ncse attempts to represent its serials in their own terms: in other words, to edit them in digital form in ways that maintain their links with nineteenth-century print culture. In practice, this was not straightforward, as conflicts arose between our desire not to misrepresent the complexities of the source material and the technical demands of another medium: the digital. Below are a number of short accounts of editorial decisions that attempt to reconcile the forms of the source material with the necessity of imposing order upon them for digitization.


Editorial Rationale

Serials are not well-ordered objects from which to begin a digitization project. The historical production and preservation of serials means that it is difficult to identify one distinct manifestation of their form. Serials consist of articles, often themselves consisting of different types of print and images, gathered into departments, published in issues, and often bound in volumes. There is a tendency to consider volumes as discrete uniform objects that gather together diverse content. However, as many critics have noted, the process of binding individual issues, plus any front or end matter that might also be issued, involved a considerable transformation. Part of this was the common practice of stripping out matter that pertains to the selling of individual issues, most notoriously advertisements, but also multiple editions, supplements, and wrappers. Equally, just as a volume is something different than a combination of the year’s issues, so issues are more than a series of articles. Items in the periodical and newspaper press are remarkably diverse, including advertisements, filler, title pages and imprints, headings and signatures, news, leaders, correspondence, literature, reviews, essays, science, and tables. Visual material might comprise the cover design, mastheads, illustrations, graphic devices such as ornaments, rules, or space, typography, and layout. Not only are they diverse in terms of their genre, but their significance is also affected by where in the issue they appear and how they are presented on the page. Editors were keenly aware of how different constituents of an issue related to each other, and considered both how an item should look and where it should appear.

Serial texts become problematic when one attempts to identify them as a single object, rather than texts that differ remarkably between titles and that change over time. It is the seriality of these texts that is often overlooked, even though it is this that determines both the form of individual issues and the various ways in which individual issues were archived by institutions such as libraries, as well as readers themselves. Our methodology responded to this by considering serials as processes: as objects with histories that meant that they did not always look like the forms in which they have survived into the present. When deciding on how to edit them – i.e. when considering what aspects of their text was important – we tried to ensure that we maintained those parts of the journal that gesture towards its prior forms. When you browse ncse, you will see that we have found a place for multiple editions, advertisements, and supplements; departments, issues and volumes. Although we often had to intervene in order to impose a degree of order onto the material for its translation into digital form, we edited it with a view to permitting the periodicals and newspapers to tell their own histories as far as possible.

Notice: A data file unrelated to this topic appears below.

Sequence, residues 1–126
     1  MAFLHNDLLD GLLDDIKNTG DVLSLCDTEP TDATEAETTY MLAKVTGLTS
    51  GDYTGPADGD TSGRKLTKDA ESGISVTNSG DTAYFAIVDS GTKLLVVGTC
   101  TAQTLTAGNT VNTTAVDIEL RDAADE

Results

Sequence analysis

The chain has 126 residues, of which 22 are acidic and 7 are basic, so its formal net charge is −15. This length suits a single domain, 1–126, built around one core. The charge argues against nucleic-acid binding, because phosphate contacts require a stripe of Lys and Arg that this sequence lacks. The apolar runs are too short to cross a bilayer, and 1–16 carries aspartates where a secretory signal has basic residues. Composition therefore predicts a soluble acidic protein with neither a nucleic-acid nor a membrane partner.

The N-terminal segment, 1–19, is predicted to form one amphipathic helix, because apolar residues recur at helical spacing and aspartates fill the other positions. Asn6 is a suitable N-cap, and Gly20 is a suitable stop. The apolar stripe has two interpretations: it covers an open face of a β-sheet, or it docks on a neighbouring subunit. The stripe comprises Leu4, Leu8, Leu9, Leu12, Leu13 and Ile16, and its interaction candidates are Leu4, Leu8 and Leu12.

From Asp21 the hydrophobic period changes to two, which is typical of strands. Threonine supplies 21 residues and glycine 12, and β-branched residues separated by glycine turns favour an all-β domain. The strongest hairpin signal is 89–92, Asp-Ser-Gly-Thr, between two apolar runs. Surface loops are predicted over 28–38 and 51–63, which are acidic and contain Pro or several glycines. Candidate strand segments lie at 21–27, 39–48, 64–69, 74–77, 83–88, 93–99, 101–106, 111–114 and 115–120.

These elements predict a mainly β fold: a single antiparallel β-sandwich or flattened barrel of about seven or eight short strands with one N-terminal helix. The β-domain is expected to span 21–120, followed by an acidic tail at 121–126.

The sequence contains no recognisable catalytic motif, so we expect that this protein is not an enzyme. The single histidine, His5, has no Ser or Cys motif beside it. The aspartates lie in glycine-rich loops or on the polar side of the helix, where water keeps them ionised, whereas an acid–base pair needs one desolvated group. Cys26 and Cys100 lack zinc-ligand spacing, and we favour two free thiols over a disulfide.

Choice of the Cluster

For details about why these six titles were chosen, click here


Multiple editions

When we first began to explore the state of the British Library holdings of our six titles, we were pleased to find that the librarians had preserved more than one edition of each issue of two of our weeklies, the Northern Star and the Leader . The presence of these multiples created editorial challenges: to include them would expand the edition considerably; to exclude them would involve a complex process of pruning that would necessarily have to nominate one edition instead of another to represent that week’s issue. In accordance with the responsibility we felt to represent the serials as serials – i.e. as part of a broader print culture – we felt that excluding the multiples would misrepresent the production of the titles and so we decided to keep them in. For more about our decisions regarding multiples, click here.


Page numbering

The pages that you browse in ncse are obtained from pdf documents that correspond to individual issues. To make these pdf documents, we had to ‘bind’ together individual page images that were filmed from either microfilm or the hard copy itself. Each stage in this process interposed its own way of recording the order in which pages should appear: the page images (tiffs) had their own numbers that corresponded to the number of frames created from either a reel or bound volume; and the pdf documents labelled each page in an issue, then restarted the sequence for the next. This meant that in order for the page numbers in the edition to correspond to those printed on the pages, they would have to be inputted as data rather than being produced as part of the production process. This represented a huge task as every single one of our c100,000 pages would have to have page number data entered upon it. Although it was common practice for periodicals to number their pages continuously throughout a volume (so that, for instance, vol. 1. no. 1 of the Leader is pp. 1-24 and vol. 1 no. 2 is pp. 25-48 ) this was not the case for newspapers such as the Northern Star, which tended to number each issue separately (i.e. vol. 1. no. 1 is pp. 1-8 and vol. 1. no. 2 is also pp. 1-8). This meant that although we had to be careful, it was possible – more or less – to enter page numbers automatically as a sequence. However, this was complicated by the nineteenth-century practice of paginating front and end matter, supplements, and advertising wrappers separately; and of course the presence of multiple editions meant that there would be two or more of every page for certain titles. Our policy here was to follow the page numbers printed upon the pages themselves. This way we followed the way in which the journals represented their contents to their readers.